Keep safety top of mind when jogging with your child: Make sure your jogging stroller has a safety wrist strap that attaches to the handlebar (or, if it doesn’t, buy one) and always use it. Another safety tip: Some running strollers allow you to lock the front wheel to keep it from turning suddenly during a run. Once you’ve gotten on your route, do this. I once hit a small rock and the stroller jolted to the side suddenly, waking a peacefully sleeping baby.

Dress Baby Wisely

Remember that while you may stay toasty warm from all that running, your kid may get cold, so dress them for the weather. Consider buying a protective shield if it’s going to be windy or rainy. On hot days, overheating can be a problem, so don’t overdress your baby, apply sunscreen and use a stroller visor or sunshield to keep them shaded.

Take the Road Less Traveled

Avoid roads with lots of traffic. A truck driver once tried to run me off the road while shouting obscenities. I learned my lesson that it’s safer to be on roads with fewer cars and trucks.

Make It Fun

There’s one key way you can keep up your running routine — and that’s to make it fun for your kid. Count squirrels with your kid, look for dogs and cats, play “I spy” or try to wave to as many people as possible. “I run my kids past entertaining spots like construction sites or end at a playground,” says mom of two Lindsay Adams. She also listens to music and sings songs with her boys during runs.

Watch Your Form

Running with a stroller is hard work and some people tend to hunch over. Patrick Gildea, director and head coach of the Knoxville Distance Project, advises moms to think about proper running form: try to run upright to avoid low back and hamstring injuries and switch arms every 15 minutes to balance the body. “When you switch, it will feel awkward and you’ll have the temptation to switch back,” he says. “But give your body some time to adjust.”

Don’t Stress About Speed

Several studies have found that running with a stroller is harder than running without one. So don’t expect to run your usual pace. If you want to ensure you’re getting the same workout, focus on heart rate. For a training run such as a tempo or endurance power workout, aim to have your heart rate at 85 to 88 percent of your max heart rate, says Bobby Holcombe, running coach and founder of Knoxville Endurance. Your max heart rate is roughly 220 minus your age.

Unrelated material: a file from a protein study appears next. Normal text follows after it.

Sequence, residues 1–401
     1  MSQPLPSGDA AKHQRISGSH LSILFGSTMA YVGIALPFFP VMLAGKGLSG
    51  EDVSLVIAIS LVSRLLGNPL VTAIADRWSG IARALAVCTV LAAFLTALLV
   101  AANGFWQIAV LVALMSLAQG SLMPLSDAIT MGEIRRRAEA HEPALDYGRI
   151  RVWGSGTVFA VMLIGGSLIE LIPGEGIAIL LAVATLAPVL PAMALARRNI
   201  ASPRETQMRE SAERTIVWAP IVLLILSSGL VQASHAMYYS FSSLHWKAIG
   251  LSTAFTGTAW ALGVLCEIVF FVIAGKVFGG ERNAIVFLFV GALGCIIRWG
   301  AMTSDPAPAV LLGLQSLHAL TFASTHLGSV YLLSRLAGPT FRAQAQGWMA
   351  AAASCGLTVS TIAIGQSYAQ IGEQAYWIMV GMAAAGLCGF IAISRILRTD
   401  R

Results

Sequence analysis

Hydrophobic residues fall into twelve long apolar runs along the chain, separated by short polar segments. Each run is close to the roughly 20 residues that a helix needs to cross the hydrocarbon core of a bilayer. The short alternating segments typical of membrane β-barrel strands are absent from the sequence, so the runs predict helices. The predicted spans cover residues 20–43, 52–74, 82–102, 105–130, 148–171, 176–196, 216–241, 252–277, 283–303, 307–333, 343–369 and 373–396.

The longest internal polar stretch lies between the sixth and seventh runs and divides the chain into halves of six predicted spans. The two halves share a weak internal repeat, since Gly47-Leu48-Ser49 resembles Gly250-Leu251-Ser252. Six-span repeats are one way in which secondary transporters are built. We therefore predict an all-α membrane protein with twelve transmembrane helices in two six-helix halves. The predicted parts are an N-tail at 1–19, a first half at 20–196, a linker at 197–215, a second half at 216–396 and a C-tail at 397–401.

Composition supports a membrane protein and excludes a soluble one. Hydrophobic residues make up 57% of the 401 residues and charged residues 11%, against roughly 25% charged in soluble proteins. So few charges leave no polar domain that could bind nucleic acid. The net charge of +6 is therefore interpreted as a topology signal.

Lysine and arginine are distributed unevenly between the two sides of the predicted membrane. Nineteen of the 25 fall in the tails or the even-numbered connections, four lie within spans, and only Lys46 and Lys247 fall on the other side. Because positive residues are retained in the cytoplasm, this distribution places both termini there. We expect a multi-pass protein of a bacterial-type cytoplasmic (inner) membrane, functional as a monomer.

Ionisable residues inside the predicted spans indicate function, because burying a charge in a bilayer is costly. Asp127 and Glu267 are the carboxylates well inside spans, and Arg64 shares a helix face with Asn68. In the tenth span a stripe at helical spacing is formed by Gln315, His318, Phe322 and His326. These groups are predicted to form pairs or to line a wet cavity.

Time It Right

“If you’re running with a baby, make sure he or she is fed before you head out,” says Laura Finch, mom of two. This will help prevent interruptions. Also, if you want to get extra miles in, run right before nap time because there’s a good chance your babe will doze off in the stroller thanks to the motion.

Curb Your Expectations

“You may head out the door planning on a 5-mile run,” says Katie Taylor, mom of one. “Your kid may have other plans. That’s okay!” The days of you being in control of your mileage will come back. For now, be flexible.

Change Your Mindset

For many people, running is a chance to have peace and quiet. That’s probably not going to be the case when you’re running with your kids. Instead of looking at it as a disruption of “me time,” view it as a special time with you and your loves.

“Yes, it’s hard. Yes, they are heavy. Yes, they bicker and ask for more snacks than you could possibly imagine but it’s still worth it,” says Sarah Merrick, mom of twins. “Because I get to share my time and my sport with my little ones and show them what strong looks like.”

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Should You Take CBD for Arthritis Pain? A New Guide Aims to Help You Decide

In a nod to the reality that people with arthritis are turning to cannabidiol (CBD) to quell pain and manage other symptoms, the Arthritis Foundation has released guidance to help them better understand this trendy compound and the risks associated with it.